It’s pretty common for folks that live in the cities and towns of Westchester County, N.Y., to divide their time between home and New York City, as proximity to the Big Apple is one of the best and most important features of the area.
For Pinebrook Coffee Roasters, a startup roaster based in the city of White Plains, about 25 miles north of Manhattan, this is certainly true, as production for the largely online retailer is split between a custom-made gas-fired sample and profiling drum roaster in White Plains and a larger Probat at the Pulley Collective collaborative roasting facility in Brooklyn.
Pinebrook founder and roaster Norman Eisler lives in Westchester. “By being local, I was able to set up a home office, small production and shipping area and keep start-up costs low,” Eisler told Daily Coffee News. “As we grow, I would like to find a facility and use Westchester as the base of operations since I’m very familiar with the area.”
Eisler heads into the bigger city for bigger production runs, so far consisting of anywhere from around 15 to 150 pounds per session in batches of roughly 25 to 35 pounds at a time. “The micro runs and some of the profiling is done in White Plains, which then gives me flexibility to accommodate small custom roast-to-order demand,” said Eisler.
The greens reaching Pinebrook primarily by way of Intercontinental Coffee Trading and Coffee Holding Company, Inc., with smaller orders also having come through Exim Products and Burman Coffee Traders, are approached with scientific exactitude.
“My goal is to be as consistent and efficient as possible, regardless of the size of the run,” said Eisler. “I try to be as scientific about the process as possible, taking into account that as a craft, non-machine made run, there are variations both externally and internally that create the output.”
Eisler’s background is in finance, though a love of specialty coffee and fascination with the industry drew him in about year and half ago. He got in touch with Steve Mierisch and Brad Kornacki of the Pulley Collective and pursued the educational experiences provided there, which paved the way for Pinebook to emerge in full commercial form earlier this month.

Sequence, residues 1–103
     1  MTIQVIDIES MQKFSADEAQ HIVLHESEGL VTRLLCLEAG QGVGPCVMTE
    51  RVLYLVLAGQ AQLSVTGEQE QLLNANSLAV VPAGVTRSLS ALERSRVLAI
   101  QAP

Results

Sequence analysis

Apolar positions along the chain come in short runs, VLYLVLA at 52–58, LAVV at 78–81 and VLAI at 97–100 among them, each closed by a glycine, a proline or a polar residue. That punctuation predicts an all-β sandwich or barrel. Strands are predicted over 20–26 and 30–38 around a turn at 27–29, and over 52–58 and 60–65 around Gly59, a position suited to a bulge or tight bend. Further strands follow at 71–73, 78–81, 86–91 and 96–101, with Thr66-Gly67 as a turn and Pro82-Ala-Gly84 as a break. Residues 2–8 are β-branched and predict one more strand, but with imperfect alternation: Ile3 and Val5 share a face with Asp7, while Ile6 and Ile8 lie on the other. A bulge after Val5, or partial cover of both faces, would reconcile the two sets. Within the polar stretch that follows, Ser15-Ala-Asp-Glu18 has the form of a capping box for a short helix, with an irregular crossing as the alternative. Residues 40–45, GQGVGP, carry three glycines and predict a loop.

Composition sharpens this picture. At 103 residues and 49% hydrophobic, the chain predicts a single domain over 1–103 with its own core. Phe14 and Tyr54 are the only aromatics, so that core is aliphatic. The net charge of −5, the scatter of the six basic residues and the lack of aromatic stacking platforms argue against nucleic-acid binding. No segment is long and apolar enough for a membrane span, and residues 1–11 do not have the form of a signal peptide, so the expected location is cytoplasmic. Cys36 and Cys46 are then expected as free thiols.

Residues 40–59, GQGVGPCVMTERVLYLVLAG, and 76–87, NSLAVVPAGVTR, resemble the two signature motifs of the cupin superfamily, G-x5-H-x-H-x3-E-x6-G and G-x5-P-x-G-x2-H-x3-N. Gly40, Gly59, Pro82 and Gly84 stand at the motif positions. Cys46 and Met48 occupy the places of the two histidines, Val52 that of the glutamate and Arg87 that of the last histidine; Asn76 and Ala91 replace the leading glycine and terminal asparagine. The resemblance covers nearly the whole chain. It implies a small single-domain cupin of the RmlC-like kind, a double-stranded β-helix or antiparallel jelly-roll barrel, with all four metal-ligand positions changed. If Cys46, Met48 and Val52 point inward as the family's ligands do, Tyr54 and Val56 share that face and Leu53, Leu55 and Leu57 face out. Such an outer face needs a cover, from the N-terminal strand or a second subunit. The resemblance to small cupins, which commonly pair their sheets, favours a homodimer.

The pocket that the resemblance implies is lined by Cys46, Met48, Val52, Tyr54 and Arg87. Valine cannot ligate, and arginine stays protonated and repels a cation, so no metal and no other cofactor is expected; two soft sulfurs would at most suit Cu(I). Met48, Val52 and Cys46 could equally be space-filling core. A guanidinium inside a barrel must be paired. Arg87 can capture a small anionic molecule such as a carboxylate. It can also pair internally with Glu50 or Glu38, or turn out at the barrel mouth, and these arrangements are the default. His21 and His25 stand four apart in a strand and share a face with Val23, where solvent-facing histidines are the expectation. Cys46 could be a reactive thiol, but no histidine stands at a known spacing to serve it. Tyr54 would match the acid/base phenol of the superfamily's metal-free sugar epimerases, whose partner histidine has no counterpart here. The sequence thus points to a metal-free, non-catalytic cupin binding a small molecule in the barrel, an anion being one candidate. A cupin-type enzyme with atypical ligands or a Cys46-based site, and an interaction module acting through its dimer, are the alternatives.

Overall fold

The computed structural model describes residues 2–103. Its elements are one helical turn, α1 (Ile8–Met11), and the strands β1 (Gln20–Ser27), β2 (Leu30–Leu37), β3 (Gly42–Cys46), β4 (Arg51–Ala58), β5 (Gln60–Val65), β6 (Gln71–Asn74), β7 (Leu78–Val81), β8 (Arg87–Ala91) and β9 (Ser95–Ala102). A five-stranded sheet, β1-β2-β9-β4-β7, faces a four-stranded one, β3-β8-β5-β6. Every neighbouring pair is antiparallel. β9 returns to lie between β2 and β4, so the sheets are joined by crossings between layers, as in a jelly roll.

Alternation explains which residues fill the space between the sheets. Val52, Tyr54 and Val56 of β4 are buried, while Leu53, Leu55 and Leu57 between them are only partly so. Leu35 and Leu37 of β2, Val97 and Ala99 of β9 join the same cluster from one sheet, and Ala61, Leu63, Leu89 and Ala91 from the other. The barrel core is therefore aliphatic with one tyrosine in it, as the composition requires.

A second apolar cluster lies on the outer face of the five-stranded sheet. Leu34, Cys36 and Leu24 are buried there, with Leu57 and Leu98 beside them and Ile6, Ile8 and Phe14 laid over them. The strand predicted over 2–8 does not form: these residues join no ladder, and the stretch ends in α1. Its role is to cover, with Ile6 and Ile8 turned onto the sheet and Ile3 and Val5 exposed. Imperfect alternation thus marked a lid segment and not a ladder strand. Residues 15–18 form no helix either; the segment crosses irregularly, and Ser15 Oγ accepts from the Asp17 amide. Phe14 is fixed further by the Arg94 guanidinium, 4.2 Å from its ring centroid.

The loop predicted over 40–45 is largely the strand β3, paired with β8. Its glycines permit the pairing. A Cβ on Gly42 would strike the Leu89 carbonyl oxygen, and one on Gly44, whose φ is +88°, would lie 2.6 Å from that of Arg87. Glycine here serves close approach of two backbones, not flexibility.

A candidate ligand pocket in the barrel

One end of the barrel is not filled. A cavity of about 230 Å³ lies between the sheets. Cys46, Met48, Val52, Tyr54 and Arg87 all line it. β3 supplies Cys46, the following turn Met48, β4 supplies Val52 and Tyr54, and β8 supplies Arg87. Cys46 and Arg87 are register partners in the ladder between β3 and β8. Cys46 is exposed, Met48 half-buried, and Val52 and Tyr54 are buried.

“Pulley has been invaluable in teaching and mentoring me on achieving the stated profile goals,” said Eisler. “They were my trainers, mentors and educators.”
Pinebrook’s online store went live last week. Going forward, Eisler said he hopes he can grow the business enough to support expansion into his own single, Westchester-based production roasting facility, after which a Pinebrook café of some kind could be in order, with a potential wholesale business even further down the line.
“It’s a little too early in the ramp-up to have definitive ideas on café plans,” said Eisler, adding that wholesale would be “at number three or four on the milestone ramp-up priority list.”
Online growth is the more immediate next step. Eisler said that initial feedback has been great, and that the company plans to roll out a roast-to-order element as well as a subscription plan with the coming month or two. The most important thing from Eisler’s perspective it to scale the business up without sacrificing quality.
“In our short history, it’s been fun, exciting, and rewarding to partake in this industry,” said Eisler. “We hope to continue to grow and be a part of it for a very long time.”